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(The Guardian) Chelsea took control of their destiny by embracing the chaos. Roared on by the 8,000 fans allowed into Stamford Bridge, Thomas Tuchel’s side had no option but to put on a show. The noise was deafening from start to finish and Chelsea made sure that the drama on the pitch matched the atmosphere, making up for their defeat to Leicester in the FA Cup final by battling to a win that leaves them on the verge of qualifying for the Champions League.
This was the opposite of pandemic football. It was utterly breathless, wildly unpredictable and wonderfully intense from first whistle to last. A touchline brawl near the end felt like a fitting denouement and there was even the prospect of an unlikely smash and grab during the dying stages, Chelsea giving Leicester hope of rescuing a draw after gifting Kelechi Iheanacho a sloppy goal.
It was closer than it should have been. Chelsea were superior throughout and should have been clear long before Antonio Rüdiger’s first goal of the season and a calm penalty from Jorginho put them on course to take third place off Leicester, whose hopes of finishing in the top four will depend on them beating Tottenham on Sunday if Liverpool win their final two games.
Timo Werner had two goals disallowed in the first half and the only disappointment for Tuchel, other than an injury scare concerning N’Golo Kanté, was that his side did not score more.
This was such an improvement from Chelsea, who visit Aston Villa on the final day, after their flat display at Wembley last Saturday. Stamford Bridge was a raucous place at kick-off and the hosts fed off the energy from the crowd during the early stages, ripping forward at every opportunity. Tuchel craved an early goal. Chelsea needed something to lift the tension and the signs were encouraging when Werner raced towards the Leicester area after spinning away from Wesley Fofana near the halfway line, only for Ben Chilwell to spurn a chance to punish his old side, firing wide.
Chelsea were rampant. Even Youri Tielemans, Leicester’s hero at Wembley, looked overwhelmed, escaping when he appeared to swipe Werner’s legs away in the area.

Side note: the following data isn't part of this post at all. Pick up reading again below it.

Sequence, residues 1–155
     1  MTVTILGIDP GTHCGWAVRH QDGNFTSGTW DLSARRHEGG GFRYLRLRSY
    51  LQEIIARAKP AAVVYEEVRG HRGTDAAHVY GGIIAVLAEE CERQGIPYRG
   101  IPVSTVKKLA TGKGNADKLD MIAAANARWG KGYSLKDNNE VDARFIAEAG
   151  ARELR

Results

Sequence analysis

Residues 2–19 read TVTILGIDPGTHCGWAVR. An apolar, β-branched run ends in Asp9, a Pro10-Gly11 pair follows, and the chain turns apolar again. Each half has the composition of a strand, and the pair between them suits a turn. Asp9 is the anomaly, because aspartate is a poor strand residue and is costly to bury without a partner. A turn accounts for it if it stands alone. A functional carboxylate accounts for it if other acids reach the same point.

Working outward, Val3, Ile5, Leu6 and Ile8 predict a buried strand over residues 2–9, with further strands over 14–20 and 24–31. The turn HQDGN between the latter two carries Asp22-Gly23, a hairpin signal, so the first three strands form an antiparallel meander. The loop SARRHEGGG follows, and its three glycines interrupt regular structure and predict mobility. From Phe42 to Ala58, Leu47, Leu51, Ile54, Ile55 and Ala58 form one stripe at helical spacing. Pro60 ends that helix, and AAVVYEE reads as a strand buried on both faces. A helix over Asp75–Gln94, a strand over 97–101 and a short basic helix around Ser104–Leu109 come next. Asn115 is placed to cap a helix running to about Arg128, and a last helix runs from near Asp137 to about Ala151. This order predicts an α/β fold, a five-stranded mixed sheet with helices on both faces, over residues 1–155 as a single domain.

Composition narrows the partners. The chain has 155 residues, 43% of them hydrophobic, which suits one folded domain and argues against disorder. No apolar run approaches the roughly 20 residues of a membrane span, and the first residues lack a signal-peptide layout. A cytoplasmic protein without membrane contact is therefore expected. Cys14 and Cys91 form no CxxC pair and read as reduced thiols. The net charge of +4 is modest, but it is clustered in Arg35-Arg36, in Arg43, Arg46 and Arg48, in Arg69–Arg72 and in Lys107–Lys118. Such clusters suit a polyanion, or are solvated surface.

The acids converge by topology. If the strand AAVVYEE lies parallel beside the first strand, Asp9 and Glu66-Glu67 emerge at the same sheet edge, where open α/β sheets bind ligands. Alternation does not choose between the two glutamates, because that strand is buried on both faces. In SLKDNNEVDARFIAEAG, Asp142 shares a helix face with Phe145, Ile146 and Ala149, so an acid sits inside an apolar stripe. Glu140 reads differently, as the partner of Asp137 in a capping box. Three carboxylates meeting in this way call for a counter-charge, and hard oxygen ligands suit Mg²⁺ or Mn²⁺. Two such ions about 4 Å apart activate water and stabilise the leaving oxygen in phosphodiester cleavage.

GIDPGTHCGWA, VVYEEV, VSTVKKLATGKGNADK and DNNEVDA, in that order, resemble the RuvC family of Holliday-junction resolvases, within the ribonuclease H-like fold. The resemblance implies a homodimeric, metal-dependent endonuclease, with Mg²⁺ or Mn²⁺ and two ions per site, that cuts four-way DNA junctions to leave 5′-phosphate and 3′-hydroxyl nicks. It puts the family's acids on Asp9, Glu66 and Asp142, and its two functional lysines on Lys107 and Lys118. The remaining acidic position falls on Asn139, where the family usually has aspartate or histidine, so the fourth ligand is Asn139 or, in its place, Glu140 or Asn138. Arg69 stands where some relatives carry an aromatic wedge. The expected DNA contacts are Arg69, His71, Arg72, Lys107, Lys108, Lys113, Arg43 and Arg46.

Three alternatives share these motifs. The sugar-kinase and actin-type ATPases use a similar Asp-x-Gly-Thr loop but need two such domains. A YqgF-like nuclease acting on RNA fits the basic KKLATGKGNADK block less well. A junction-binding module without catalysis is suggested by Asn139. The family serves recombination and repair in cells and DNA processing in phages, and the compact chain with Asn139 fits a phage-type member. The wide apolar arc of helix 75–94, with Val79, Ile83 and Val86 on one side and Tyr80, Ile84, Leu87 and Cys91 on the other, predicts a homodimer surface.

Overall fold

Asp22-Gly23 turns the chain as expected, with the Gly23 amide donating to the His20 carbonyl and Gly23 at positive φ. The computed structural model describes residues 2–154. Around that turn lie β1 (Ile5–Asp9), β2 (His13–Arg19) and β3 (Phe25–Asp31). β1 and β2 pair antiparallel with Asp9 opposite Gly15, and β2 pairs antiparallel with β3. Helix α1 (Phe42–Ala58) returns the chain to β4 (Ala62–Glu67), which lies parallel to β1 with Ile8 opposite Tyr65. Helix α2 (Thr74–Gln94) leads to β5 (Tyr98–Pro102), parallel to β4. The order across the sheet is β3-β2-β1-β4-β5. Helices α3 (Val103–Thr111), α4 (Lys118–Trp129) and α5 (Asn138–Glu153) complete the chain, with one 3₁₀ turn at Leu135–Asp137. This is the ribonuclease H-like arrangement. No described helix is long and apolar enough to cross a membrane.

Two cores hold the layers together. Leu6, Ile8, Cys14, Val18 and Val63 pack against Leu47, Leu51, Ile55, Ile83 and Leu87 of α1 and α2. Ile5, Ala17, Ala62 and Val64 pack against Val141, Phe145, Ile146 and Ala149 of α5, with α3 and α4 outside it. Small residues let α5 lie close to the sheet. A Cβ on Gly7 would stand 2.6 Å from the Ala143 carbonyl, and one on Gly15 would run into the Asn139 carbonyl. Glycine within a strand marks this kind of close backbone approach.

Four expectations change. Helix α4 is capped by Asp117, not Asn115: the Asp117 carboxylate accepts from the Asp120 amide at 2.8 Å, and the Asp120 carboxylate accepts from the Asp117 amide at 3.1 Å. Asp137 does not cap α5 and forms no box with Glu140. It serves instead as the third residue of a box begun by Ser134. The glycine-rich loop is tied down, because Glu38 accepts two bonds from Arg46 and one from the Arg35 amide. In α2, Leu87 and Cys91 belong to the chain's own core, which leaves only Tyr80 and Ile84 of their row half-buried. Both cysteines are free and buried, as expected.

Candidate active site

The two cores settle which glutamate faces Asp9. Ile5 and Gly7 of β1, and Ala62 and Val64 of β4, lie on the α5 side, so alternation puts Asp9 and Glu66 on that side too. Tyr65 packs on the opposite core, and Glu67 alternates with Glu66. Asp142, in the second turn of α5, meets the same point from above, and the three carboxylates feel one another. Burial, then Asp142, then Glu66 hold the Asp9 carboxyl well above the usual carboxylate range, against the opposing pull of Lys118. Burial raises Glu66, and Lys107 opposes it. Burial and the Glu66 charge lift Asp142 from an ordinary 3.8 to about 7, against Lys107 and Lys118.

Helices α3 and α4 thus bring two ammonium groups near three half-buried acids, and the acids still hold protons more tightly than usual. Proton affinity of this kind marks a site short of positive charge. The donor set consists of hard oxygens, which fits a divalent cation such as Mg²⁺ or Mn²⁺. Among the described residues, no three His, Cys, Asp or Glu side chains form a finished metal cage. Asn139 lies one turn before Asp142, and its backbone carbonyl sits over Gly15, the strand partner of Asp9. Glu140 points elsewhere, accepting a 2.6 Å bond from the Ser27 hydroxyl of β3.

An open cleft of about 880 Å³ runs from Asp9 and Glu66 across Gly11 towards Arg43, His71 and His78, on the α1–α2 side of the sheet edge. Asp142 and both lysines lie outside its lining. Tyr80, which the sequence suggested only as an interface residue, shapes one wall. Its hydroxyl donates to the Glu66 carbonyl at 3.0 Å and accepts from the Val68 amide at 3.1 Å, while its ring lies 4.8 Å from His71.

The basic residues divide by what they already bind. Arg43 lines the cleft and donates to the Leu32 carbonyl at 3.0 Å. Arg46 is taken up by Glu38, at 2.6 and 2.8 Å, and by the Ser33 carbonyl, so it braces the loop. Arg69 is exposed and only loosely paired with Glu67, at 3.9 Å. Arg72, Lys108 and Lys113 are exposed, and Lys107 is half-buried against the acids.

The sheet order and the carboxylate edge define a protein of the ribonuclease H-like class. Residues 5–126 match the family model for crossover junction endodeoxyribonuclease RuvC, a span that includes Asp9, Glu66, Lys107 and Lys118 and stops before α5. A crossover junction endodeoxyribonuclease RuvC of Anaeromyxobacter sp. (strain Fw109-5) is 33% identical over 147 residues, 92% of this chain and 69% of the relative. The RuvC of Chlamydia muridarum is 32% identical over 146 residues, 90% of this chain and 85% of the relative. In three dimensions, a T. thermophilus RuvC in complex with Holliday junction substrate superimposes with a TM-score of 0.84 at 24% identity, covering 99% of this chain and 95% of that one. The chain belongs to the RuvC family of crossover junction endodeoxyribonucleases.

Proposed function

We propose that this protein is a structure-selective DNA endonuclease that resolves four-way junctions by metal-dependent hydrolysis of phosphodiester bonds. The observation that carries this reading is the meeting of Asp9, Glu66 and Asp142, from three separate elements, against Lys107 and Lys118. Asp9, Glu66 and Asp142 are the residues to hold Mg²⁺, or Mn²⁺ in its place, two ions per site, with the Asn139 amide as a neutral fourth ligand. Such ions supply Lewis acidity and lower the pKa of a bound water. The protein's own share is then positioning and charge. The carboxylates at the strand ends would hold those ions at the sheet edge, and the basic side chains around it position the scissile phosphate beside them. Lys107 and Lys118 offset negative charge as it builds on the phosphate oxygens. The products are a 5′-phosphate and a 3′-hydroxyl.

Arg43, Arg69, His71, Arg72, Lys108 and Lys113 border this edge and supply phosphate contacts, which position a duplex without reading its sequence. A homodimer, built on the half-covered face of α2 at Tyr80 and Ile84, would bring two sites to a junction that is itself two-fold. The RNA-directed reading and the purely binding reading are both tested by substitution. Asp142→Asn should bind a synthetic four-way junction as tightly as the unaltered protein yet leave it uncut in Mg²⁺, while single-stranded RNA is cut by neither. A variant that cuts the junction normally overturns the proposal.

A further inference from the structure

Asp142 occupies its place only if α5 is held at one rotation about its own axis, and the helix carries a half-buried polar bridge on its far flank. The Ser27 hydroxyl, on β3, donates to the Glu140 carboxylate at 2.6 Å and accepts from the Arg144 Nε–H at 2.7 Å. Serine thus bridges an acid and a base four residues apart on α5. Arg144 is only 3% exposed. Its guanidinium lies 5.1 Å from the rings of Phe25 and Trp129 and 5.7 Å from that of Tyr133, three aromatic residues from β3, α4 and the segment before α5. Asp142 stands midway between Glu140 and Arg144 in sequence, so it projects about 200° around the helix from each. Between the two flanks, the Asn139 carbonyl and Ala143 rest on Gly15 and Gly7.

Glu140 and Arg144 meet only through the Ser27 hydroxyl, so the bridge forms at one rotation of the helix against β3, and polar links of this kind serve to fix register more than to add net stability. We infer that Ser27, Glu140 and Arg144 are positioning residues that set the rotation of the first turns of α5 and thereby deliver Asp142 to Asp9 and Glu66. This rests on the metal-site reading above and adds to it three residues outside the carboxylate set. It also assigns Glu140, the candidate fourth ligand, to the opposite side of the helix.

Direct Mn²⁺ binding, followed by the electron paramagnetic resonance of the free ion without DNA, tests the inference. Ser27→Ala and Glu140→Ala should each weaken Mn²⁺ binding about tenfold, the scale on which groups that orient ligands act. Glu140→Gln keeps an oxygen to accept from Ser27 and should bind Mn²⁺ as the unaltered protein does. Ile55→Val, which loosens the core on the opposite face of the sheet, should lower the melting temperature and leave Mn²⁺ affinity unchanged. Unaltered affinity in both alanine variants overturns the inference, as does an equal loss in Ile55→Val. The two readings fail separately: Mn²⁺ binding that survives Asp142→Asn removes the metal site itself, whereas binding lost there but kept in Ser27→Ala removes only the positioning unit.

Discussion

Chelsea were forcing Leicester into errors and they operated a shoot-on-sight policy at times, Reece James going close from 25 yards and Kanté testing Schmeichel.
The crowd approved. They willed Werner on despite his difficulties in front of goal, applauding when the forward raced back to win a tackle deep in Chelsea territory. Werner was full of positive intent and it seemed that his moment had arrived when he finished adroitly after receiving a pass from the excellent Mason Mount, only for the flag to go up for offside.
Chelsea, four points above Liverpool, did everything but score before the break. Schmeichel denied them again, pushing a rasping drive from Mount over, and the officials came to Leicester’s aid again in the 35th minute, VAR ruling that Werner had used an arm to bundle the ball over the line.
In the event it was another German who calmed the nerves. Chelsea, who had to replace Kanté with Mateo Kovacic in the 32nd minute, kept knocking on the door and their reward arrived two minutes into the second half. Chilwell sent in a corner and it summed up the pattern of play that Jamie Vardy ended up gifting an opposition defender a goal with one of his few touches of the evening, Rüdiger in the right place to turn the ball in at the Shed End off his left thigh when the Leicester striker’s wayward clearance gave him a tap-in.
It was a moment of pure ecstasy for Chelsea. Rüdiger wheeled away to celebrate with the fans behind the goal and the hosts refused to settle for one. Uncertain without Jonny Evans in their back three, Leicester wheezed. They lacked composure and Werner relished turning the tables on Fofana after losing his duel with the young Frenchman at Wembley.
It was Fofana who blundered when Mount found Werner. The defender’s tackle was rash as the German was moving out of the area and although Mike Dean initially gave a free-kick, a VAR review showed that the foul was inside the area. Chelsea looked safe when Jorginho beat Schmeichel from 12 yards, low into the right-hand corner, the goalkeeper flummoxed.
Yet Leicester fought. With 14 minutes remaining Wilfried Ndidi robbed Kovacic. Iheanacho, on for the disappointing James Maddison, finished well and Leicester should have equalised but Ayoze Pérez blazed over. Chelsea lived on the edge during eight minutes of stoppage time. The whistles from the fans were piercing. The relief at full time was immense.